In August, the number of public jobs was particularly high due to the 2020 Census. This may still be the case in September.

> Spanish growth second estimate for Q2 will be released on September 30 (the first was at 0.5% non annualized). The Bank of Spain has revised down its growth profile for 2019, 2020 and 2021. It now expects 2% in 2019, 1.7% in 2020 and 1.6% in 2021.

> The Euro Area inflation rate for September (October 1). It may be close to 1% for both the headline and the core. The convergence to 2% is not there yet.
Inflation rates in Spain, in Germany and in Italy are also expected (September 30)

> Unemployment rate for August in the Euro area (September 30), German retail sales for August (September 30). Industrial production index for Japan for August (September 30). Retail sales in the Euro Area (October 3)

On a more political ground, the 70th anniversary of the People’s Republic of China (October 1st) will be a ceremonial event on the Tienanmen square in Beijing. Xi Jinping will give an address to the nation.

Recession risks in the Euro Area, not yet in the US

Markit surveys for September show a slow momentum in the Euro area and in the US.
The synthetic index for the Euro Area (weighted average of the manufacturing and non manufacturing synthetic indices) is now close to 50 leading to weaker expectations for the Q3 GDP growth. This reinforces me that GDP growth for 2019 will be circa 1.1%. The impact of the new ECB monetary policy will not lead to an impulse on the upside.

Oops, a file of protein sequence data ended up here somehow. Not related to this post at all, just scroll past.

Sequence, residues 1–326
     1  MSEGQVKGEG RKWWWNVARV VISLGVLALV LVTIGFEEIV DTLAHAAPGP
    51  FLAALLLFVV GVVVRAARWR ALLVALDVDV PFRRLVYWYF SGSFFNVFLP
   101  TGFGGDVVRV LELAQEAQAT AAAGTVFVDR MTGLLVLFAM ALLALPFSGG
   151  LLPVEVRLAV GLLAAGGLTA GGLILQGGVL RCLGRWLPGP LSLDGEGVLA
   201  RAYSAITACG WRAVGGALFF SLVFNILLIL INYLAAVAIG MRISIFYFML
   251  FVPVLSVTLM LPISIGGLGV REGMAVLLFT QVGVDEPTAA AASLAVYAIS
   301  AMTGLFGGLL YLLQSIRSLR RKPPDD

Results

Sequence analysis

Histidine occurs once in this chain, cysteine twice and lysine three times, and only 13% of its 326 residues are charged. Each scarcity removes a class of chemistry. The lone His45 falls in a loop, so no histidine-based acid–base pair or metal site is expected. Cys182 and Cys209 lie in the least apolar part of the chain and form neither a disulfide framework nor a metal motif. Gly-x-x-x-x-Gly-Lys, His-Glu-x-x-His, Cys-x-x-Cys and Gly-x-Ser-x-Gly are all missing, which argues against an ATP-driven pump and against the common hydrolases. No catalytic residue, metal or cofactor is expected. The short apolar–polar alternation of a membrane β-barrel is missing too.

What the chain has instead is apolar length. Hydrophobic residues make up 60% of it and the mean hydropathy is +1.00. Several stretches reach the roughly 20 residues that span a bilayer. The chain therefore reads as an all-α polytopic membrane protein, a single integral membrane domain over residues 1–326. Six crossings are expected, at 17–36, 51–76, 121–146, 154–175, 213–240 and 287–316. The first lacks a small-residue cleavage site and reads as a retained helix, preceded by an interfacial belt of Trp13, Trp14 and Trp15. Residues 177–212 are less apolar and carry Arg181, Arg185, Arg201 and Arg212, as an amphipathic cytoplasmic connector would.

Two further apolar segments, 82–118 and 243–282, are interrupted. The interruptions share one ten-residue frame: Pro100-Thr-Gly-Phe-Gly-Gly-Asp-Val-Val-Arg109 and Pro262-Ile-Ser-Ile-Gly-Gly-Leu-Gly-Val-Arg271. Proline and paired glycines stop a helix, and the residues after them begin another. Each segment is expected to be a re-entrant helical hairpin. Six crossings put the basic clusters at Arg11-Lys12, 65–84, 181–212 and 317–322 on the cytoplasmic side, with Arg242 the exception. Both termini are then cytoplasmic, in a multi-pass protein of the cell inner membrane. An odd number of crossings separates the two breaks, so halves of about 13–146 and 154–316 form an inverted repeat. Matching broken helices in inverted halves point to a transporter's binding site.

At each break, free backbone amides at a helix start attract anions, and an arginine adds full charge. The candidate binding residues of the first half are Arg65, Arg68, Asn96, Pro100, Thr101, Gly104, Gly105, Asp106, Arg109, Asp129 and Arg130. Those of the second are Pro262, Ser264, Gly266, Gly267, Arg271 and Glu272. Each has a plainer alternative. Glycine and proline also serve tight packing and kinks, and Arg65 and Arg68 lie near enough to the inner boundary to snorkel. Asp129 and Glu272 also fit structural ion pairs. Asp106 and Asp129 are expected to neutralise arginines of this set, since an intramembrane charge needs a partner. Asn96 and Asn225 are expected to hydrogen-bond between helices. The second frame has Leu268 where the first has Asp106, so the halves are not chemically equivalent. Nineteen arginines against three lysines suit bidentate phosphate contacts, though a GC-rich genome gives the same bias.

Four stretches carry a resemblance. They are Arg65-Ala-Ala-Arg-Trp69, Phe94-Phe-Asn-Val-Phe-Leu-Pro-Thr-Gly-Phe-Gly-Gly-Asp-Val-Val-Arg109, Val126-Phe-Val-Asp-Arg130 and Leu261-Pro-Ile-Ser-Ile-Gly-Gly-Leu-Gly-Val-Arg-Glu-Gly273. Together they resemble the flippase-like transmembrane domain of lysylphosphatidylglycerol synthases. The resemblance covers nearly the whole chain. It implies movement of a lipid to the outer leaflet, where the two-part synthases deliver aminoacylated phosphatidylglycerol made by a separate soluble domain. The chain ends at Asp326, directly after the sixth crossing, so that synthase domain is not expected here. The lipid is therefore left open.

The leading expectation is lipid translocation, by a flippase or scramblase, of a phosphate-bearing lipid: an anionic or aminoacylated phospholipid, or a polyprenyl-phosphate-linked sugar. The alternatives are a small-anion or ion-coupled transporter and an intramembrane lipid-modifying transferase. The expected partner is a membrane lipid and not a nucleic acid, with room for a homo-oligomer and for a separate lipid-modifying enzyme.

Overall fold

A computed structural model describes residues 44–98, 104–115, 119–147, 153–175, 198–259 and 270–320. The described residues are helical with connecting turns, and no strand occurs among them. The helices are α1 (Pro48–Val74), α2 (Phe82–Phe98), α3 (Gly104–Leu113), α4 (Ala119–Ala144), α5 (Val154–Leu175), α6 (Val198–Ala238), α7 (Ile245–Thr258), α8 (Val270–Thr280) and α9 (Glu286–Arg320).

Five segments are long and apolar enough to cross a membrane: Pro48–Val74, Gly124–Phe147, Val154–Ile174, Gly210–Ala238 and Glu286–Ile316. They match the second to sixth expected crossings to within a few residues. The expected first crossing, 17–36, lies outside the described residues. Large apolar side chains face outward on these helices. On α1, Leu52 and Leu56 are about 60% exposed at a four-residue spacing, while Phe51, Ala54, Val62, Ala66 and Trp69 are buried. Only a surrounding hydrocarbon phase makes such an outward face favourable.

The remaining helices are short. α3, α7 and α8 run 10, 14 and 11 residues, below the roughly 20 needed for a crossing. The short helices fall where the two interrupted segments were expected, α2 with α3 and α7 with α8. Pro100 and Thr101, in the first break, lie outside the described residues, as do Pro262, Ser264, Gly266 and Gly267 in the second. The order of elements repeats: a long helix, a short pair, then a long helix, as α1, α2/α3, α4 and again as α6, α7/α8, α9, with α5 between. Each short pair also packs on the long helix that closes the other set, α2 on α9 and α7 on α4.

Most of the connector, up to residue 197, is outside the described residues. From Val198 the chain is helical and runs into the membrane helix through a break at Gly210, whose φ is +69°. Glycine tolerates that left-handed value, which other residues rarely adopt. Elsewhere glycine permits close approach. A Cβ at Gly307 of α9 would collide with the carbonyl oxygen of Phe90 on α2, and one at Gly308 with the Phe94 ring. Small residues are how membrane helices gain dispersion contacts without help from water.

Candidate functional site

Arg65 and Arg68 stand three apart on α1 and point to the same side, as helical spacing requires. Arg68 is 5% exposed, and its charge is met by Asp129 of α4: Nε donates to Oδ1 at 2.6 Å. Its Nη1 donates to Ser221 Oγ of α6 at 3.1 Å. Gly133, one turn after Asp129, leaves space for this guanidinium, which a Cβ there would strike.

In the US, the synthetic Markit index for the whole economy shows a meager rebound in September despite a stronger manufacturing index. The non manufacturing index has been quite weak in September at 50.9 after 50.7 in August. The services sector doesn’t counterbalance the lack of impulse of the manufacturing sector.The global index is now way below the level seen until last spring and is consistent with a slowdown in the US GDP growth as it was seen in 2016. The more accommodative US monetary policy will not change the picture.

In the short term, the main risk remains in the manufacturing sector. European indices are weak, notably in Germany. This may lead to a recession in this country with a contagion risk to the rest of the euro area. Nevertheless, in the case of a deep recession in Germany, the government would be more active on its fiscal policy, limiting therefore the risk of a recession for the whole zone. This would be the chance for the Eurozone.
Inb September, the US is weak but stabilized. The risk of recession is still low at this moment.

What to expect next week ? (September 9 – September 15, 2019)


> The ECB meeting will be the most important event of the week. Bazooka measures are expected with lower deposit rate (associated with a tiering depending on the size of the bank) and the resumption of the Quantitative Easing Program.
> The lower deposit rate with tiering will help the banking system. The EONIA may even be higher than what is currently seen.
The QE program will push down all interest rates and reinforce financial repression
We do not expect strong impact on the Eurozone growth momentum or on its inflation.

> External trade in Germany will highlight the impact of the world trade lower momentum. Lower exports have pushed the German GDP change in negative territory during the second quarter. An extended slowdown of the world trade (as expected when we look at the worldwide lower exports orders in the Markit survey) would push Germany in recession.

> Retail sales in the US for August (13) are the last good numbers expected. In September, tariffs on Chinese consumer goods imported in the US will have a negative impact on consumers’ behavior.
> JOLTS (10) will show the probable change in the US labor market trend
> The UK economy  had a negative change figure in the second quarter. This will have an impact of the labor market (10) for July.

The detailed document can be read here

ECB will reduce its rates as expected